Months after being rescued from Boko Haram captivity, Sabira, a 23-year-old, began experiencing pain and burning sensations during urination, as well as bleeding between menstrual periods. She sought medical attention and was diagnosed with an infection.
Sabira was abducted at the age of 19 and forced into marriage while in captivity. She is now a mother to one child who was born as a result of the forced marriage.
“I’ll never forget the suffering and humiliations that the terrorists made us go through even after we agreed to be their wives and sex slaves,” she said.
Boko Haram terrorists invaded her community in June 2020, kidnapped many women, and killed many men who could not escape.
Like many women who the Boko Haram terrorist group abducted, during her captivity Sabira was subjected to torture and exposed to harmful practices that increased her risk of contracting sexual and gynaecological diseases.
In a recent chat with HumAngle, another abducted lady who recently regained her freedom shared and corroborated Sabira’s narratives with disturbing details.
The young woman, who preferred to remain anonymous due to the sensitive nature of the issue, shared a similar experience to Sabira’s. She constantly feared what would happen to her health as a woman during her time in captivity.
She recalled one of the most painful and humiliating experiences was when they were forced to share one pair of underpants during their menstrual cycles.
“Yes, you may not believe this, but that was what many of us go through,” she said.
“We only wear pants during our period; when we are done, we wash and return them to the owner, who would keep them for the next woman to borrow and wear during her period.”
In spite of the washing, needless to say the condition of these underpants was unpleasant, but there could be worse situations.
“Sometimes, if you are not on good terms with other women, like the ones who hate you for not accepting the Boko Haram belief, like they already did, they would deny you the right to use the pants when it is your period,” the survivor said.
Another survivor, who identified herself as Lami, explained that when girls don’t have access to underpants during their menstrual period, they wear blood-soaked clothes or sit on the sand for extended periods to allow the blood to drain.
Lami, now 23 years old, said she spent four years in captivity, during which she had lost count of how “you have to sit on the sand for most of the day to allow the blood to flow out and soak into the sand.”
“As a slave, you aren’t allowed to go to the river bank to bathe, so you have to go about with flies following you and perching on your blood-soaked clothes,” she added.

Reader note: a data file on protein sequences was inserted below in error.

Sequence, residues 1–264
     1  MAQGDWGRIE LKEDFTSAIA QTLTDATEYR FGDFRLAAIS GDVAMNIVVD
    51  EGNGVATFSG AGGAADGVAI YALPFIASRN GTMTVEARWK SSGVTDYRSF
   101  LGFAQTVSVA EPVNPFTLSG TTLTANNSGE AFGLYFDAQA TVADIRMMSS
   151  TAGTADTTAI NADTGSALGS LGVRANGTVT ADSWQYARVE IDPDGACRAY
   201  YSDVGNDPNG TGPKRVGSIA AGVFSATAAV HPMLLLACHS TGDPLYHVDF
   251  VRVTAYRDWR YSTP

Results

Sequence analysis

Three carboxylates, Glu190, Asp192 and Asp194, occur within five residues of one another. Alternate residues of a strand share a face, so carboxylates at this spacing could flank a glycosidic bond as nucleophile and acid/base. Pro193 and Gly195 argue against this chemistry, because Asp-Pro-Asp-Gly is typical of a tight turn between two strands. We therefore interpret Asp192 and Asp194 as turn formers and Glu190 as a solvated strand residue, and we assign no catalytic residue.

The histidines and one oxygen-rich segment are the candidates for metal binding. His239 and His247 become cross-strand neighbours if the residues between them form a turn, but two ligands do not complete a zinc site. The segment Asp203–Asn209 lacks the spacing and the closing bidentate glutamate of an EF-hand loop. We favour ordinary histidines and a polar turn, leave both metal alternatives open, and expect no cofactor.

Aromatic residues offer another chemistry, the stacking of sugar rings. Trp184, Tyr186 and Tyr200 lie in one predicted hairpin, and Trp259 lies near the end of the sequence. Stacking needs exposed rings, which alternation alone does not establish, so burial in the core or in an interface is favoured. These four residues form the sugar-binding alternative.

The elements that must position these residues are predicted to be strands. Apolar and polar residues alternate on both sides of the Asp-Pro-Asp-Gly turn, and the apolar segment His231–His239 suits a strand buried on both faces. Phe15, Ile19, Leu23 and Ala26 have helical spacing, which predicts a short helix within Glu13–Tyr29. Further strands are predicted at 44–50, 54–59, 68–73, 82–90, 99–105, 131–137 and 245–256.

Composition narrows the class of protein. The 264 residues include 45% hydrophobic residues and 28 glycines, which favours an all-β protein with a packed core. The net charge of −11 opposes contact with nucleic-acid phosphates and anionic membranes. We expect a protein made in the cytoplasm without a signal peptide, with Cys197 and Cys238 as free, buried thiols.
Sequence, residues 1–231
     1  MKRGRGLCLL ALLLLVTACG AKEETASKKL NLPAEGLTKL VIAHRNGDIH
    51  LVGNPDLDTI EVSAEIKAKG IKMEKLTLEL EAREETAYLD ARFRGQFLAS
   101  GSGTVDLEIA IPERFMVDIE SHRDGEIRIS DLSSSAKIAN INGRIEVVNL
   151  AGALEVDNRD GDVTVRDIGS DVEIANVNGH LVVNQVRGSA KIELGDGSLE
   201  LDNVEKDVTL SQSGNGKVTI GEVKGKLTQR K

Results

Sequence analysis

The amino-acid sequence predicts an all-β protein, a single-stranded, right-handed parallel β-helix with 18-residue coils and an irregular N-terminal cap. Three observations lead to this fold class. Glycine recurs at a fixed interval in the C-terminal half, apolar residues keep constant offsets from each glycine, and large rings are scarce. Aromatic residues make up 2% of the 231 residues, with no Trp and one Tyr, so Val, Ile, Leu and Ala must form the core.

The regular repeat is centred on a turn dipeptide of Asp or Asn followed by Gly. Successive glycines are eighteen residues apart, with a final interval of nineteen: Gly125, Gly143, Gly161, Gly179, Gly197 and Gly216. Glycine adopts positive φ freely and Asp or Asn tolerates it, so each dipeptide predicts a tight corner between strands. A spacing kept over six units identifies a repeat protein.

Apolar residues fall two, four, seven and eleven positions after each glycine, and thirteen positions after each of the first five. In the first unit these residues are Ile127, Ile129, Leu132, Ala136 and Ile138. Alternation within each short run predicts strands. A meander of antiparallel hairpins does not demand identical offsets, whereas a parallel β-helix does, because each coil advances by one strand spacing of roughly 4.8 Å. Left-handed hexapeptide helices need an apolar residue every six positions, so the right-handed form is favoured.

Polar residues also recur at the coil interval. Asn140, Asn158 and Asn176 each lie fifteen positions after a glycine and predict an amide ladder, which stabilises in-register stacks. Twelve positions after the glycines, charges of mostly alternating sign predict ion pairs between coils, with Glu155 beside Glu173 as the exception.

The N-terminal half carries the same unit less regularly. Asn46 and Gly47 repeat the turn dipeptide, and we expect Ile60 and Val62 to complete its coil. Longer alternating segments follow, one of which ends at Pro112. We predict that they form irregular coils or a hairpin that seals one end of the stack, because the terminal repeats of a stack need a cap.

She explained that kidnapped women and girls who refused to consent to marry any terrorists are usually treated as enslaved people – a status that can only change once they agree to become a wife of one of their captors.
Lami, who was later forced into marriage, narrated how she was only allowed to bathe and share pants during her menstrual cycle.
According to HumAngle’s findings, female captives are subject to strict clothing regulations and are only allowed to own a limited number of garments approved by the terrorists.
Sabira, who gave birth to a child in captivity two years ago, said she had seven pairs of pants in her travel box when abducted.
After being taken captive, Sabira had only two pairs of pants left. The terrorists had taken five pairs and given them to their wives. This left Sabira with no choice but to wear one pair of pants for several days, which was unclean and uncomfortable.
“Days after I was abducted and taken to Sambisa forest, I needed to discard the pair of pants I had been wearing for five days, but one of the Boko Haram wives had to pick it up and wash it to use again,” she recalled.
The lack of proper sanitary kits puts these women and girls at risk of severe health issues. The situation worsens because they are in captivity and have limited access to medical care.
Medical practitioners said sharing sanitary kits like pads or pants can pose several health risks for women.
“Firstly, the sharing of these items can potentially spread infections and diseases, especially if they are not properly cleaned and disinfected between uses,” said Maryam Bukar, a senior nurse at the Maiduguri General Hospital.
“This is because menstrual blood can carry harmful bacteria and viruses that can survive on surfaces for several hours or even days.
“Sadly, these women lack decent hygiene and practice most of the time they spent as captives in terrorists’ dens.”
“Using unclean sanitary pads or pants can also lead to skin irritation and other health problems, such as urinary tract infections (UTIs) and vaginal infections. This is because the buildup of moisture and bacteria can create an ideal environment for the growth of harmful microorganisms. We must also understand that menstrual blood can carry harmful bacteria and viruses that can survive on surfaces for several hours or even days,” she said.
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